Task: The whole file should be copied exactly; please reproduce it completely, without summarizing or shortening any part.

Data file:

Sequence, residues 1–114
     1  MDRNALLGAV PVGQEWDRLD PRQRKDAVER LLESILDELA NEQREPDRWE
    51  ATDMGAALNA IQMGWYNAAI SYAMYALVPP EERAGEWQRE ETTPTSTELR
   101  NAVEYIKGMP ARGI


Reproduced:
Sequence, residues 1–114
     1  MDRNALLGAV PVGQEWDRLD PRQRKDAVER LLESILDELA NEQREPDRWE
    51  ATDMGAALNA IQMGWYNAAI SYAMYALVPP EERAGEWQRE ETTPTSTELR
   101  NAVEYIKGMP ARGI